Mr. Shaw has written the musical criticisms in the “World” since the late Louis Engel was compelled to leave London. His articles are so bright and original that they compel the attention of readers who know little about the technique of the musical art and care less. His knowledge of his subject is thorough, but he is fond of being at war with his fellow-men, especially those among them who are attached to traditions and conventions. He likes to shock his public. But his oddity is not mere affectation. Mr. Shaw has an extremely original mind, but it is a strong mind, too. His view of things may be as queer as Claude Monet’s, to whom the grass is pink and the sky is purple, but, like the great impressionist, he has that force of character which makes the thinking man’who believes in green grass and blue sky pause and wonder if he has been wrong all his life.

Mr. Shaw will be better known here next year, for Mr. A. M. Palmer has bought his satirical play, called “Arms and the Man,” and will have it performed at Palmer’s Theatre. This is one of the plays that puzzle the critics. Even Mr. Archer, Mr. Shaw’s lifelong friend, could not quite comprehend “Arms and the Man.” Its scene is laid in Bulgaria, at the time of the battle of Slivitzna (1886), in which the Servians were defeated. Its heroes are cowards, and its Swiss mercenary, who fills his cartridge box with chocolate creams, is as brave a man as any of them. Its romantic maiden is a humbug. Here is the story of the play, as it impressed an eminently practical reviewer:

“The scene is laid, first, in Raina’s chamber, then in the garden, and then in the library of Major Petkoff’s house. The Major and his daughter’s fiancé, Sergius Saranoff, are away. News comes of a gallant cavalry charge, led by Sergius; and Baths, first presented as an impressionable girl, whose imagination is filled with the figures of over-much romance reading, fills with pride at the thought of her sweetheart’s heroism. Then, just as the girl has turned out the lights and lain down for the night, her room is entered by a bunted fugitive, Captain Bluntschli, a Swiss serving in the Servian army. He threatens her with his pistols unless she gives him refuge; and a long colloquy takes place between the two — she with her high-flown notions, he (the son of a Swiss hotel-keeper, who joined the Servians because their country was nearer than Bulgaria) with the sordid ideas of a mercenary.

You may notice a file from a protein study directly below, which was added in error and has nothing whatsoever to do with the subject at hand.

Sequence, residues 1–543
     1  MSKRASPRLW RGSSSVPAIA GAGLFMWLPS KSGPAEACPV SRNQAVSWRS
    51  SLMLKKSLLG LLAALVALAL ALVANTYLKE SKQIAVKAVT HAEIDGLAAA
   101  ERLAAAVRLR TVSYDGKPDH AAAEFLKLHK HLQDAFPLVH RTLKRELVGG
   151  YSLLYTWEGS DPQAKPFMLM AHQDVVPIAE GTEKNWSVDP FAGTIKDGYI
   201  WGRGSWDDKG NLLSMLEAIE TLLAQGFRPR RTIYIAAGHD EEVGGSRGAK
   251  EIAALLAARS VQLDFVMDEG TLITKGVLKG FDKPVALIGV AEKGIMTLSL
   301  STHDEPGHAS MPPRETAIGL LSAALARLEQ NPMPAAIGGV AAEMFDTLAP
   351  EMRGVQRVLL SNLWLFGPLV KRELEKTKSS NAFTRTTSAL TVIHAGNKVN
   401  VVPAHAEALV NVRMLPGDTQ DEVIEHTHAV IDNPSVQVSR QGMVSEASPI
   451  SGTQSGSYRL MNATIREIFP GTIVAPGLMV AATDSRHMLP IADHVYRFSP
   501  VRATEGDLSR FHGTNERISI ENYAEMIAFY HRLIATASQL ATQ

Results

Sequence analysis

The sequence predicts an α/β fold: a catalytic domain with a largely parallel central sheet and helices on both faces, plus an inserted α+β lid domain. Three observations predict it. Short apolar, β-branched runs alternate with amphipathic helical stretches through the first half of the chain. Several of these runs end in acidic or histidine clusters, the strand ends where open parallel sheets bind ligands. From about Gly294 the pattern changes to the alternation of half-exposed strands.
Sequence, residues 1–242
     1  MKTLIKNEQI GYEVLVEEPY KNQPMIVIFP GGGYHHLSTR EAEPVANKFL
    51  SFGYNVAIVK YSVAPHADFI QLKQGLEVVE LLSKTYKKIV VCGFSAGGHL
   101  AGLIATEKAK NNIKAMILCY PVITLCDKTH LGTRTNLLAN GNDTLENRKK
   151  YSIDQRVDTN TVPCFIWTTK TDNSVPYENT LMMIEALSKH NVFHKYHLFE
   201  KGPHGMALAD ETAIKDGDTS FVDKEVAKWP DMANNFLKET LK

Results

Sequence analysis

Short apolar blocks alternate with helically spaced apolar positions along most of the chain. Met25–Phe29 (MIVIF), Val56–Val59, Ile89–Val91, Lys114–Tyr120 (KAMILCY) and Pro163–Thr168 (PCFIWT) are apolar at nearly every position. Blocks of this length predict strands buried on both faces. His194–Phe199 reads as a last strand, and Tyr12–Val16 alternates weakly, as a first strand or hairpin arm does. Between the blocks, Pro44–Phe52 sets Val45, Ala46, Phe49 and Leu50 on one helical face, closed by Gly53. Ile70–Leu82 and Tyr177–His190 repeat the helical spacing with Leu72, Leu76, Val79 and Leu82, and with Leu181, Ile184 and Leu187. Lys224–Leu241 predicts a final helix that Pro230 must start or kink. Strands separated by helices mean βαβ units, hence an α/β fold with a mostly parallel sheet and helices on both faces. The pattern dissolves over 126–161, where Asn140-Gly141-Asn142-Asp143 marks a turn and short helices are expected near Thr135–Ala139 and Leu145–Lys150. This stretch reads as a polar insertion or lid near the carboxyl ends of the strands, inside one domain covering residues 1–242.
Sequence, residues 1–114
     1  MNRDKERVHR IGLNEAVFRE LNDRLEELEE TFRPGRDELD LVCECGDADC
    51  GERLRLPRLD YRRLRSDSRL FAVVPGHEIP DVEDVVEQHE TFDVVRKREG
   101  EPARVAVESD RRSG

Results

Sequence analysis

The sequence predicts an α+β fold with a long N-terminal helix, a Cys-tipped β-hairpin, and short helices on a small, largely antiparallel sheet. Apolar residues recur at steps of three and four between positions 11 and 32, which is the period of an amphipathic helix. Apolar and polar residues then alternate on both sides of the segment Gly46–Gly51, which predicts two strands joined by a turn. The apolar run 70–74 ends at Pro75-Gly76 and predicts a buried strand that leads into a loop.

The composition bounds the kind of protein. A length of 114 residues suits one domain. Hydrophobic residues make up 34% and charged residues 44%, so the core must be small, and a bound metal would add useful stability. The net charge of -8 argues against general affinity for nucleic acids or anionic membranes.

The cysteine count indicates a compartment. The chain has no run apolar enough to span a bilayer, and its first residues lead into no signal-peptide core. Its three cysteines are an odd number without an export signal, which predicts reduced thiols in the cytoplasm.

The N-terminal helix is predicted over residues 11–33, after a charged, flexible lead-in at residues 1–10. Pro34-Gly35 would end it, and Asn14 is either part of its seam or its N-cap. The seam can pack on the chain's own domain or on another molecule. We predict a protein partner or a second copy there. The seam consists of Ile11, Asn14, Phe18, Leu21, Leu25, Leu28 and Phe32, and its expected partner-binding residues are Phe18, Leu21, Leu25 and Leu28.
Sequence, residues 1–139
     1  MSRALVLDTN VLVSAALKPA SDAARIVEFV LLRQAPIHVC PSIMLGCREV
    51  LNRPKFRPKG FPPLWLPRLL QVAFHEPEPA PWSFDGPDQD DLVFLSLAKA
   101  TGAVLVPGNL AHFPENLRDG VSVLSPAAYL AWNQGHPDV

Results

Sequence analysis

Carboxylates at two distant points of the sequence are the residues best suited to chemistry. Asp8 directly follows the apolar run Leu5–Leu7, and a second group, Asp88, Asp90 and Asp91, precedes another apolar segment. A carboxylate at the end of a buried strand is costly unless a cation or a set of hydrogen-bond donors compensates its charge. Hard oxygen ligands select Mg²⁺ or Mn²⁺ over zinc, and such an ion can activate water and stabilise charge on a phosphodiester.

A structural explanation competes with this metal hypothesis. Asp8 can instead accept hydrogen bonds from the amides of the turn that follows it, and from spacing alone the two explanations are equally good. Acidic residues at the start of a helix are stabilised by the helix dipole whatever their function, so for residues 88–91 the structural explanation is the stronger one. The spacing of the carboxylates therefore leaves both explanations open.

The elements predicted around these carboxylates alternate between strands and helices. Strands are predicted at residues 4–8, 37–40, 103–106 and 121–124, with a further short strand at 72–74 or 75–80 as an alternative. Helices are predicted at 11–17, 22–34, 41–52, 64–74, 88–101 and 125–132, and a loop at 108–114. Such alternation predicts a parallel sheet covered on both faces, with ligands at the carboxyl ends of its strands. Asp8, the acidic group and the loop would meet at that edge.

“Of Sergius’s famous charge he makes light, as an act of folly of which no soldier of experience would dream. It is his habit to go into battle with provisions instead of ammunition. Ralba, in derision, offers him chocolate creams, which he eats with relish. Altogether, he is a pitiable object, worn out, quaking with fear, and, as he says, ready to cry at a word. Finally, when Rena leaves the room to fetch her mother, he lies down on her bed and falls asleep — a fact that much scandalizes Catherine Petkoff, but causes her daughter to call him 'poor dear,’ and persuade the mother not to disturb him.